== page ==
Baker Takes the Cheese and Adds Cake

By Beacon Staff

Although she recently ordered 22 pounds of chocolate, Mikie DiMuro was not suffering from a chocoholic episode. Rather, as the owner and sole employee of a local wedding cake business, she was stocking her larder for the upcoming nuptial season.

Once a staid, fondant-laced confection, modern wedding cakes often serve as a beacon of the wedded couple’s personality and the flavor possibilities are endless. Although the wedding industry took a hit from the recession, many couples still choose to splurge on cake. Fast Company magazine estimates that American cake businesses brought in nearly $1 billion dollars in 2008.

In a market stiff with competition, a baker needs a pièce de résistance that stands apart. DiMuro’s involves a cheesecake strip nestled between sponge cake layers, all encased in rich buttercream. She says the creation was partly inspired by a recipe in a 1987 issue of Bon Appétit that featured an ecru-colored buttercream cake made by renowned chocolatier Alice Medrich.

“[Clients] say years after a wedding that no one talks about the wedding anymore, but they still talk about the cake,” DiMuro said.

So firm is her devotion to this concoction, that DiMuro will refer a couple to another baker if they wish to forgo the cheesecake layer.

Besides her wedding cakes, DiMuro turns out treats such as a ganache-swirled cappuccino cheesecake and a ginger carrot cake containing a lemon cheesecake layer.

After nearly 30 years of experience, DiMuro has developed a baking system. She uses a number of tried and true recipes that a friend typed out for her years ago on five-by-seven cards.

Mikie diMuro delivers one of her three cappuccino swirl cheesecakes to Capers Restaurant in Kalispell.

“My recipes are all rubber banded together in a book that the binding is broken completely but I still hang on to them,” she said. “They’re turning brown they’re so old, but I can still read them.”

While the novice baker might often feel that cheesecakes are hypochondriac in nature and prone to cracking and other ailments, DiMuro has perfected her baking,

“Cheesecakes are very simple, but you have to do it right,” she said. “You have to keep going, as there’s a certain momentum to baking and if you stop, picking it back up again costs quite a bit of time.”

DiMuro says the time it takes to construct one of her wedding cakes depends on the level of intricacy in its design. Artistry aside, the chocolate ganache, raspberry filling, sponge and cheesecake layers all need to be made separately and chilled overnight. DiMuro says if she needs to bake more than one cake at a time, she thinks in terms of tiers rather than of separate cakes.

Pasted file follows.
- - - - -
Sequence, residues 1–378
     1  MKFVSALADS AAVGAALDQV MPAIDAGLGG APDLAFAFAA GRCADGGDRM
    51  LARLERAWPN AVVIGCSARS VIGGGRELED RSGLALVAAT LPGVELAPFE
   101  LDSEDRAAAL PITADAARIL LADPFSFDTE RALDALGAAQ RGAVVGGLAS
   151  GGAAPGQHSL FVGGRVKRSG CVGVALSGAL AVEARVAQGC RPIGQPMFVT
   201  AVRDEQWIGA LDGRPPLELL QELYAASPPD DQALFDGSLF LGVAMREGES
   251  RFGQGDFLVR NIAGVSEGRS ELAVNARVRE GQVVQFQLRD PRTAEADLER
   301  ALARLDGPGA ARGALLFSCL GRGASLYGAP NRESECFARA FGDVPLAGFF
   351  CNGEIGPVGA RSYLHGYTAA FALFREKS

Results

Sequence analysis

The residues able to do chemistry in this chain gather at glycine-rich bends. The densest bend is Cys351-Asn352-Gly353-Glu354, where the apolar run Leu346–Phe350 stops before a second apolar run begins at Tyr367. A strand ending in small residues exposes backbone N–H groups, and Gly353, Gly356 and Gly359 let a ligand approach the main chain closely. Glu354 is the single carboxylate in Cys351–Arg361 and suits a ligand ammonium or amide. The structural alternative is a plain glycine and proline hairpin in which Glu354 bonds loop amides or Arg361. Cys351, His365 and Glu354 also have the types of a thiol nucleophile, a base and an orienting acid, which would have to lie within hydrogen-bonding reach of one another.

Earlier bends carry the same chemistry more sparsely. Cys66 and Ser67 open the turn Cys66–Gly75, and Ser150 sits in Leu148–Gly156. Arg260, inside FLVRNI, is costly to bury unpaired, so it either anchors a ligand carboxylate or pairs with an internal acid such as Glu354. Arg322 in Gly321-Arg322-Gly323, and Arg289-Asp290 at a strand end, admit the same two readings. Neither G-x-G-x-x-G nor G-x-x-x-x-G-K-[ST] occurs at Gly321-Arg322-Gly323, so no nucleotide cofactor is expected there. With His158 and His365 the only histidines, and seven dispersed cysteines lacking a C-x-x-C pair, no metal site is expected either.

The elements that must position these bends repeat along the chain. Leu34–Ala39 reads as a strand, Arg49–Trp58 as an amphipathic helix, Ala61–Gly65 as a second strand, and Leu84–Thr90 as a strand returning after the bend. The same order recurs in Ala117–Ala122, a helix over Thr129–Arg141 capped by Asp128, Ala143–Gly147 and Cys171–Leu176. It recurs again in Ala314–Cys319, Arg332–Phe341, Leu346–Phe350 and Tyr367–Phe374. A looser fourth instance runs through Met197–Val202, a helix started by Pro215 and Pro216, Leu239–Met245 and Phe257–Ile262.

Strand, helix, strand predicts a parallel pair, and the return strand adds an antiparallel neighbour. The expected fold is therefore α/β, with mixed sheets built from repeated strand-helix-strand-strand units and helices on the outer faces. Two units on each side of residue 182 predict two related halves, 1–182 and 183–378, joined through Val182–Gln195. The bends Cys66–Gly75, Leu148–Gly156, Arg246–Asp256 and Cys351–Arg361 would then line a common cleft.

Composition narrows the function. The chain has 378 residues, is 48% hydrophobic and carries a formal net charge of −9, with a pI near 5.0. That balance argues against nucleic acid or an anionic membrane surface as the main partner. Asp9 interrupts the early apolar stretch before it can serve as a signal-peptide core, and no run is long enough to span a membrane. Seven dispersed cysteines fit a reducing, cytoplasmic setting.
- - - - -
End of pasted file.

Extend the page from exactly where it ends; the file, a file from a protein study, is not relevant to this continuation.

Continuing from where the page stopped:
“I think in terms of tiers, so I just max out the oven and my baking and mixing abilities,” she said.

DiMuro says she sources her ingredients both locally and from abroad. While she can pick up huckleberries from Kalispell’s Apple Barrel fruit stand, her chocolates and a Cointreau-esque Swiss orange concoction she uses in her buttercream must be ordered from specialty baking suppliers.

“The closer to home I can find things the better, but you can’t find everything,” she said. “I just find what I can.”

Although she has been making more wedding cakes than cheesecakes of late, her cheesecake business is picking back up. DiMuro makes desserts for several restaurants in the Flathead, including Capers in Kalispell and McGarry’s Roadhouse in Whitefish.

Since founding Mikie’s Cheesecakes in California’s Central Valley in the mid 1980s, DiMuro estimates she has baked more 800 wedding cakes and “probably just as many cheesecakes.”

Mikie’s Cheesecakes began when DiMuro was working in a restaurant.

“The idea of being a 40-year-old waitress – I thought I couldn’t do it,” she said.

DiMuro began looking for an entrepreneurial baking niche and hit upon cheesecake.

“I wanted a high-end item, not just cookies,” she said. “I figured a cheesecake is a pretty classic dessert that never goes out of style.”

Using a friend’s New York-style recipe, DiMuro began baking the dessert in the kitchen of a deli in Merced, Calif. While still holding onto her waitressing job, she began building her business and its menu. She tested a variety of recipes and began rolling out lemon pucker, black forest and white chocolate cassis cheesecakes.

“I would take the cheesecake to the restaurant where I was waitressing and sample it out to customers and friends and got feedback, pun intended,” DiMuro said.

Soon her business picked up, especially in the bridal sector.

“I averaged three wedding cakes a weekend and five on weekend holidays,” she said. “It was very full-time.”

When she moved to the Flathead in 1995, she brought the business with her, although it had to adjust to running on a different schedule. While DiMuro baked wedding cakes year-round in California, Montana’s less temperate climate curtails the bulk of her business to the summer season. The recession has also reduced her workload.

“People are still getting married but things are a little slower for me,” DiMuro said.

She is, however, finding repeat customers in her clientele.

“This summer I’m doing an anniversary cake for couple who I made a wedding cake for five years ago,” she said. “They’re really excited to have the cake again.”